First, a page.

There will be no escaping the Mike Duffy trial. With the national media descending on a nondescript Ottawa courtroom, and the 135-seat overflow room, resistance will be futile. Why would anyone want to resist? The political theatre will be glorious. Secrets will be revealed, backroom politicking will be exposed, and the court will pass judgment on the credibility of the powerful.
Or none of that will happen. After all, the Duffy trial is taking place in the often-sterile court of law. This is not an episode of House of Cards.
Nonsense you say. This is not just about Camembert! Duffy is charged with defrauding the Senate. Duffy is alleged to have accepted a secret bribe from Nigel Wright. The old Duff breached the public trust. There will be evidence from the Prime Minister’s inner circle, testimony from high ranking Conservative senators — heck, even Ezra Levant is testifying; how can the whole spectacle not be entertaining?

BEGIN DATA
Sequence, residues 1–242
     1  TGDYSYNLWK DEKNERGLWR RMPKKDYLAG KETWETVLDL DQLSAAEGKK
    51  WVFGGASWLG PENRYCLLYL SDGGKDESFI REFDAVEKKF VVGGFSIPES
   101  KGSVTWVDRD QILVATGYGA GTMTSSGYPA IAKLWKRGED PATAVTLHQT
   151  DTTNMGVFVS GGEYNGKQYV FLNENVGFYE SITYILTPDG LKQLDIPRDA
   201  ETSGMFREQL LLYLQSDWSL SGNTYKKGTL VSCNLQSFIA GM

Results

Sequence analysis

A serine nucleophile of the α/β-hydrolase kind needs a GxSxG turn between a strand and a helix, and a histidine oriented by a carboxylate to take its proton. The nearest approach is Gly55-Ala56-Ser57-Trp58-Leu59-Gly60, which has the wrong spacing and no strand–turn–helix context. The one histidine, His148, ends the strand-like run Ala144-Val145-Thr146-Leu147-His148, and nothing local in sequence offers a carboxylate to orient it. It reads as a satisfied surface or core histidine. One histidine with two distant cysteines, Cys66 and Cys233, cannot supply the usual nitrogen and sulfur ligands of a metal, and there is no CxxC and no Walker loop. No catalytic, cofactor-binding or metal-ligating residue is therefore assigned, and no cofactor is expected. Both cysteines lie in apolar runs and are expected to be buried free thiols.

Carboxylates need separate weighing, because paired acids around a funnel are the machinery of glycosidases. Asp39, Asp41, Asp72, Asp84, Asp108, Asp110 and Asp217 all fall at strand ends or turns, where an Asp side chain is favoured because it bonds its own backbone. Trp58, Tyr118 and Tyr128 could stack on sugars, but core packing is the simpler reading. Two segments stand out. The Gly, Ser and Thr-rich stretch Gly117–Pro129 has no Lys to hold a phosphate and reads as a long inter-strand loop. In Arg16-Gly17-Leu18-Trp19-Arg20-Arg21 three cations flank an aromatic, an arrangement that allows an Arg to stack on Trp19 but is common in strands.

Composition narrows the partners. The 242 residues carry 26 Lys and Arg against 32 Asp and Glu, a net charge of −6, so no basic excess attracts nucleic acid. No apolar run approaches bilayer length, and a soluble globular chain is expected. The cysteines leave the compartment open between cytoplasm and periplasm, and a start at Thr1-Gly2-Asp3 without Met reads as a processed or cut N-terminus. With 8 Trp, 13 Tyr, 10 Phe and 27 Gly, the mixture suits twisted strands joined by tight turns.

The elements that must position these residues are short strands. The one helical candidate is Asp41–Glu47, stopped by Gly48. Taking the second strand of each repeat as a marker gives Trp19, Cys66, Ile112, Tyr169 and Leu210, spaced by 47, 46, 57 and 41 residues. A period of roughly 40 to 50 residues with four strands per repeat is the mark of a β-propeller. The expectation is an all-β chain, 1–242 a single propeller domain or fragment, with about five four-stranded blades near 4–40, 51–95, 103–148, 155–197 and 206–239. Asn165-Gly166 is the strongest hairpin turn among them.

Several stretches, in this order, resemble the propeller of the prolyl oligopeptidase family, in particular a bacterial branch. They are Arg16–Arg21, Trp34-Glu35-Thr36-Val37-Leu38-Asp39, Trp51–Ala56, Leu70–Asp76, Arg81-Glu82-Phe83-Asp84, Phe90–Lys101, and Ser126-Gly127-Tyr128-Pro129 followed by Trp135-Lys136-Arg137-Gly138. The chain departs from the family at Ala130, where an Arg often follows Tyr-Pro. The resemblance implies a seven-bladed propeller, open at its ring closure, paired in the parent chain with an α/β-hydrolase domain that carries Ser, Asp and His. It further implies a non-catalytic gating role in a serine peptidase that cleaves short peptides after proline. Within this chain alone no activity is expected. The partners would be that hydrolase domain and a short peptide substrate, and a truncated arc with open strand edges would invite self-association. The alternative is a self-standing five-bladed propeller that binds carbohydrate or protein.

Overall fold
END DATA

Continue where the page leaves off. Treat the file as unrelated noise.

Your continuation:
Let’s take a deep breath, lower expectations, and look at what this trial may really look like.
The first 28 charges Duffy faces deal with fraud. The allegation is that Duffy misled the Senate about his residency and incurred inappropriate expenses. Ask any lawyer, or unlucky juror, about their most boring trial and they will tell you about a fraud they had the misfortune of being involved with — you know the one with boxes of financial documents and pages of rules and regulations. Fraud is mind-numbingly dull.
Full article at: The National Post